Still very pleased with the first draft, the structure overall. The polishing is putting that final sheen on it, but it really isn’t getting what I’d call a “second draft”. Don’t think it needed it. Is that hubris? Could be… time will tell. It is after all a genre movie, and it was pretty carefully outlined as such before we set to writing, so we had a clear structural target from the get-go.

Important changes: Continue reading New horror project: the polish

New horror project: more feedback

Well, it’s been a while since this series has been updated. We’ve had a series of illnesses, a wake to attend, a short road trip (to attend said wake and then to forget about said wake), some storyboards for a music video to get done, and on and on.

But now we’re back at it.

We did hear from the InkTip lead that was looking for just this kind of script: It was a no-go. I suspect that it was largely a budgetary concern… they wanted to make a movie for under a million dollars but our script has heavy CGI, a house that burns down, another building that blows up, and lots of gunfire. Chances are the synopsis alone told them they couldn’t afford it. Just as well… I think the script deserves more lovin’ than that.

We did get feedback from two more readers (here’s the first set of feedback). Reader C called for a little more back story and a little more humor, but overall:

Great job … I think it is ready to rock.

Reader D was very positive:

GOOD FUN! I would really like to see the movie. Excellent gore levels. I particularly enjoyed the character depth and the complex relationships… Thank you for having strong female characters that are actually friends and not having it become a big jealous catfight over a guy. That is so tired. Overall, it was awesome and fun. I’m impressed.

So the feedback overall is solid. Both readers suggested a small amount of additional back story to help explain the Crazy Old Lady’s history with her missing father, as well as some small clarification on the two female leads relationship… this is similar to what we heard before.

We’re folding in many of the minor suggestions people have given us, and expect to have it ready for primetime within a week.

Thanks for following along!

Boxing Helena

Finally just watched this film, as I’m working on a script that (I was told) might bear some resemblance to it (not this one).

I’m happy to say that it doesn’t.

What a terrible film, in so many ways. I don’t like to go on and on, but just truly dreadful writing, the performances are ham-fisted (but perhaps only because the players had so little to work with), the editing is clumsy.

A representative example: The guy is obsessed with the girl. He is excruciatingly boring to her. The girl has left her address book at the guy’s house. The guy is driving her to his house so she can retrieve the book. The two pull into the driveway. We must show that the drive has been miserable for the girl, and heaven for the guy. So the guy says:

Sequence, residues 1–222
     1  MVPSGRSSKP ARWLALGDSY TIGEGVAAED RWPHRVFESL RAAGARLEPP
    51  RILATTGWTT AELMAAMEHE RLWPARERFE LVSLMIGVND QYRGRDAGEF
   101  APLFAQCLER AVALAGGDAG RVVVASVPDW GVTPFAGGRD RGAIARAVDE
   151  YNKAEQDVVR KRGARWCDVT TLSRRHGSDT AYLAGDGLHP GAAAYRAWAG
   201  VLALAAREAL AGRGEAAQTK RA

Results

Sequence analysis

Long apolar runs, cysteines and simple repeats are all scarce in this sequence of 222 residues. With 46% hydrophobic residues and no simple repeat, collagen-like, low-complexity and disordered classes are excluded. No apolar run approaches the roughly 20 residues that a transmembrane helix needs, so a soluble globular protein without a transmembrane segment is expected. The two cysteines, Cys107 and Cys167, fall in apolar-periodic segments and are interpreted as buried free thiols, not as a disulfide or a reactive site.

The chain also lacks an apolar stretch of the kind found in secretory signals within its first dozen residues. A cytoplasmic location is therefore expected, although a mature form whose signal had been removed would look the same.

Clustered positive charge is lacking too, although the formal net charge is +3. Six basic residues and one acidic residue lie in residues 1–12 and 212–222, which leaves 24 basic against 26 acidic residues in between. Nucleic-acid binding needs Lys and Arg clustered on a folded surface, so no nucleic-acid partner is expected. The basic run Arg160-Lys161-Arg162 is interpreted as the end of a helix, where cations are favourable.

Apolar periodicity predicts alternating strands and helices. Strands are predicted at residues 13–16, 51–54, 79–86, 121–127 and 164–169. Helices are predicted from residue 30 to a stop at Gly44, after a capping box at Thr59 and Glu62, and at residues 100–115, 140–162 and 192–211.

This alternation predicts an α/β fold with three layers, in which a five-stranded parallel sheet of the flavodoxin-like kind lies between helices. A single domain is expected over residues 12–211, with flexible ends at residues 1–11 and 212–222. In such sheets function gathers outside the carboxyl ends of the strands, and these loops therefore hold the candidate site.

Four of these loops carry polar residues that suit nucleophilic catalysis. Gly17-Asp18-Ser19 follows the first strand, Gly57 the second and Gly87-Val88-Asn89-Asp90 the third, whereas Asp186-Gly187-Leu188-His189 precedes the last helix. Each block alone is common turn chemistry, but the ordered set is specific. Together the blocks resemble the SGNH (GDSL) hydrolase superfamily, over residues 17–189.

Here we are at the house, Helena. I’m so glad I got to tell you that story… in such depth and detail. I’m really sorry, Helena. We’ll find your book.

Really. He really says that. Oh my God.*

There is simply no trust that the audience will give enough of a shit to even remember from moment to moment what is going on in the story, or who these people even are. So her name (Helena) is repeated every few seconds; we are told that we are arriving at the house (even though we are seeing a shot of them pulling up to the house); rather than hear the tail end of the story and trust her expression, he exposes to us that he told a long story (and in excruciating detail); and then they remind us why we’re at the house at all (to find the book). It’s a fucking radio play for alzheimer’s patients.

It is a good example, I suppose, of what was probably a terrific idea on paper (and a terrific logline – “An obsessed surgeon kidnaps the woman of his dreams, removes her arms and legs, and makes her his prize possession”), and could have been a terrifically twisted film, but clearly needed a rewrite. Someone needed to say “Hey, this has promise. The story’s all there. Let’s get someone in to polish the dialogue so the characters don’t play like shallow schoolchildren and then let’s make us a movie!”

But alas.

Oh well. Now I’ve checked it off my to-do list.**

*Yes. Verbatim. Can you believe it?
**Late I know. The film’s been out a long time, and already been universally panned. This isn’t news. It’s just news to me.

greatest screenplay ever not made

According to ScriptShadow, [one of] the best scripts ever written but never made is “Harrow Alley“, written by Walter Brown Newman in the 1960’s.

This is it folks. This is the one. Considered to be the best script that’s never been made in Hollywood. It was written in the 60s and has been optioned dozens of times. Yet because of its dreary subject matter and…aggressive length, it never made it in front of the camera. I’ve personally spoken to a couple of people who call this the best script they’ve ever read.

Harrow Alley takes place in England around the 17th century, or whenever the hell the Bubonic Plague was wreaking havoc. Although there are dozens of characters in the script, the two we focus on the most are Ratsey, a common thief who’s been sentenced to death, and Harry, an alderman for a town in London called Harrow Alley.

Follow the link to read more about it, and to find the download link.

Let me know what you think.

New horror project: feedback

Well, we’ve gotten feedback from two of our first-draft readers so far.

It was great!! Wow. You guys really put some work into this piece and it shows. Excellent job on many levels … I was intrigued, involved and enjoyed the ride. Felt like a mash-up between Gremlins and The Descent. I don’t think you’ll have any problems getting the right people behind this script!

Of course I lead with the most positive points, and leave out the dumb things he said like “make it better” and whatnot. 🙂 Seriously, he gave us some great feedback, pointed out the weak spots, gave us direction for the second draft but overall, the review was pretty positive.

Then came:

I think it’s a great first draft. No real notes on structure, some scenes need to be a little more kinetic though.

Somewhat more reserved, as you can see. This reader is an asshole, obviously, and doesn’t realize just how groundbreaking this script is. Continue reading New horror project: feedback